PAGE 12

Carlos H1. Herrera is a foreman at the Launch Repair Shop at G(amboa and has been with the Canal since 1943. He is shown working on the molds of the Lark, a new 50-foot launch under construction at the shop. A carpenter by trade, he has worked on shH maintenance at the Port Captain's Office and at the Industrial Division shops in Balboa. lie is now an expert boat builder. FORTY-ONE Industrial Division in1960 and ums ed from thc Industrial struction and repairs necessary for all plyes-niost of them Panamanians. DIis iin ai ait i in Cristobal to the Dredgother Panama Canal small floating has e bcen working as members of a Iew ig Diisionl \ard ill ( anmboa. Some of equipment. They are getting some new Painama Canal unit and learning new the lmen all ady lad boat building and ideas-such as that of building a boat trades which will make them fai more pair exper ienct antid others had trades upside-down-and putting them into useful ieinbers of the local labor f orce. s hioih w55re -lotld background for their practice. This method, which might be Son of them have been ircruited compared to building a house starting firm oth units and divisions of the with the roof, is expected to work very Panamia Canal and others hae bet-n L A E S ell with small floating equipment. hircd ll Panama, but all rIlfxpli rI it e w it the Panam Canailtc membes of the Ilainich Uwpair ('lilt also take, (-arc of the recOn-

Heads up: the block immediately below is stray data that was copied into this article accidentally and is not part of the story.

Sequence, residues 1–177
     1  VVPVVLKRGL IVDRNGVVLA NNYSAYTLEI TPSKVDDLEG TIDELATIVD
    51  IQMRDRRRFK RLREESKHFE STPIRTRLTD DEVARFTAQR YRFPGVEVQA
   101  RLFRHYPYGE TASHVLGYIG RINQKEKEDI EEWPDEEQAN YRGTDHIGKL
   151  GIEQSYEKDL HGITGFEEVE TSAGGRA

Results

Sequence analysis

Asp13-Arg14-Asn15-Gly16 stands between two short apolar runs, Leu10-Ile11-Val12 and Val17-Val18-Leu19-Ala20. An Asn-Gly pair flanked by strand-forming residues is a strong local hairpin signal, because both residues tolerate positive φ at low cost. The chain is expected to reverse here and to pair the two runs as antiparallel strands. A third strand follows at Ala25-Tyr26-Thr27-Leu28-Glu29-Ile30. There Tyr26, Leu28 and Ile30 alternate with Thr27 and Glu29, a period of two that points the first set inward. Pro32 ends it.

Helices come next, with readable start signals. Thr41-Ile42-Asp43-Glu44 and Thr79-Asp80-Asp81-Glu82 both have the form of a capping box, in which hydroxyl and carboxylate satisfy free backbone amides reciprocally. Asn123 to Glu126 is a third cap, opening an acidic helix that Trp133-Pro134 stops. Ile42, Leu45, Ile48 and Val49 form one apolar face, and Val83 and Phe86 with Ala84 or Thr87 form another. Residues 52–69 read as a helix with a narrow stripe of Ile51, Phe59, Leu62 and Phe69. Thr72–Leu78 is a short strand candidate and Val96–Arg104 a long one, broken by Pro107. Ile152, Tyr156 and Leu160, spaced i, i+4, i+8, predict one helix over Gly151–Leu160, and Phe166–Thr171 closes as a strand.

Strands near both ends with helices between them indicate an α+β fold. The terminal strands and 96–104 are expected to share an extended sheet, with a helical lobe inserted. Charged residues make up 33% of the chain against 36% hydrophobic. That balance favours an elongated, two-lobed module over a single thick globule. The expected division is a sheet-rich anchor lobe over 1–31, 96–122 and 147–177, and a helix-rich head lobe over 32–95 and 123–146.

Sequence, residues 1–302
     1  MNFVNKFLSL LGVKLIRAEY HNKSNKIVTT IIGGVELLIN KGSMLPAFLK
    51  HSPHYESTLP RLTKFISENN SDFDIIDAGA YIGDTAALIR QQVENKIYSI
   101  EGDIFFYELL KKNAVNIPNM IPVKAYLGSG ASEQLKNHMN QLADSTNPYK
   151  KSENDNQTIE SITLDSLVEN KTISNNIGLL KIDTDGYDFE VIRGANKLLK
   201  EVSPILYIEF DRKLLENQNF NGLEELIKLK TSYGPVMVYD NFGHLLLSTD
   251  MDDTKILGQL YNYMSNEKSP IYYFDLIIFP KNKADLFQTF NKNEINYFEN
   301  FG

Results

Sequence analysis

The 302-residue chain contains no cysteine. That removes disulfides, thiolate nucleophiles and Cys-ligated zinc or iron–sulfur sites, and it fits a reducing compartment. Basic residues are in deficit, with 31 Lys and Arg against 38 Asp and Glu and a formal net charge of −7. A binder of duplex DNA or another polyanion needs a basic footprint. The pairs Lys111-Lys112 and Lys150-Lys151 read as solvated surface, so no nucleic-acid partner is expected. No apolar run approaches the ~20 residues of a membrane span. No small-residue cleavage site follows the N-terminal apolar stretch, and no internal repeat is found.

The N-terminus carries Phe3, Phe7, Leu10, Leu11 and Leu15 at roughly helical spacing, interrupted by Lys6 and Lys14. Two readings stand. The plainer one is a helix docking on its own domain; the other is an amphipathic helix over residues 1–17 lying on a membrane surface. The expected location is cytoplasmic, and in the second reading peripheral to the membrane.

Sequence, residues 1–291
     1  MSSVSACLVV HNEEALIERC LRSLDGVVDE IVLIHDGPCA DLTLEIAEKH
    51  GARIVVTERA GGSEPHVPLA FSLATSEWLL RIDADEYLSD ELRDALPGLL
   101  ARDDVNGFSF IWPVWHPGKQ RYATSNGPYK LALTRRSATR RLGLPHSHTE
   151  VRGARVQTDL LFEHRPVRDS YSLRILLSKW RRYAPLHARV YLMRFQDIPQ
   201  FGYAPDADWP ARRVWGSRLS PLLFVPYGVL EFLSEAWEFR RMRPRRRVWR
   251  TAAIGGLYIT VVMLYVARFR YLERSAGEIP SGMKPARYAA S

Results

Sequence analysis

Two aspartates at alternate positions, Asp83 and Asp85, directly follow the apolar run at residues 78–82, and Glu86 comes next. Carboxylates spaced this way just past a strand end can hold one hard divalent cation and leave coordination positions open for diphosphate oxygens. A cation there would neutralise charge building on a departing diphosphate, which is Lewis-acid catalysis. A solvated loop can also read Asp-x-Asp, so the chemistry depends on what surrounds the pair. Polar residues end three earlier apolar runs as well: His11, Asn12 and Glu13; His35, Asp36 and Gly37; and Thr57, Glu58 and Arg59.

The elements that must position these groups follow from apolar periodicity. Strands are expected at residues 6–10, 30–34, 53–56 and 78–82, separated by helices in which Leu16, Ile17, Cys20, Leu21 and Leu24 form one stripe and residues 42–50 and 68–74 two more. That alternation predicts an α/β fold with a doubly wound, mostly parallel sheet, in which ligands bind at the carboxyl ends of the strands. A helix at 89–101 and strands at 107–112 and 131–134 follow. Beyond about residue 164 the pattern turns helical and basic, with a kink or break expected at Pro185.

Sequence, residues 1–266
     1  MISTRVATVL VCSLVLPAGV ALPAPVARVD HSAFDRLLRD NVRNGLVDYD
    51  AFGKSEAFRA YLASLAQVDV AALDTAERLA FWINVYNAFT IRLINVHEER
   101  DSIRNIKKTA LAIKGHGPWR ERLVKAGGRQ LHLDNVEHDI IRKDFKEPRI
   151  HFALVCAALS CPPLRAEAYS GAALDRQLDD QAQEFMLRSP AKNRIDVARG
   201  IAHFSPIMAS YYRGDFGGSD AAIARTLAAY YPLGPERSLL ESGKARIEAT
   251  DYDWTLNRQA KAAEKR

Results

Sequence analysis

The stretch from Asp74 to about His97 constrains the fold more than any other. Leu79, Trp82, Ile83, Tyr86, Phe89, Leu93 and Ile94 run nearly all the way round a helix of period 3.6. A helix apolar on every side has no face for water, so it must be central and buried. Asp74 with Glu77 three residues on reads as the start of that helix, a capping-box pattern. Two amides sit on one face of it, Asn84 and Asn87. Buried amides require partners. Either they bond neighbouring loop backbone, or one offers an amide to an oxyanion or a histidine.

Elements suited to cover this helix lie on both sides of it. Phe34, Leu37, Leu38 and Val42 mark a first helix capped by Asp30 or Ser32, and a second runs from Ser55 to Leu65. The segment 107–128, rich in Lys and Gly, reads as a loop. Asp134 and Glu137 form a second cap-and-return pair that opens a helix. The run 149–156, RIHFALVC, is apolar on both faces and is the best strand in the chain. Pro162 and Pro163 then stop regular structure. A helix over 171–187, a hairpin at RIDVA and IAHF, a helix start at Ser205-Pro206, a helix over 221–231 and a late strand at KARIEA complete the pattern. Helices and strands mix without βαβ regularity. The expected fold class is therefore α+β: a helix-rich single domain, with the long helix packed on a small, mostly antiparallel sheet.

PAGE 13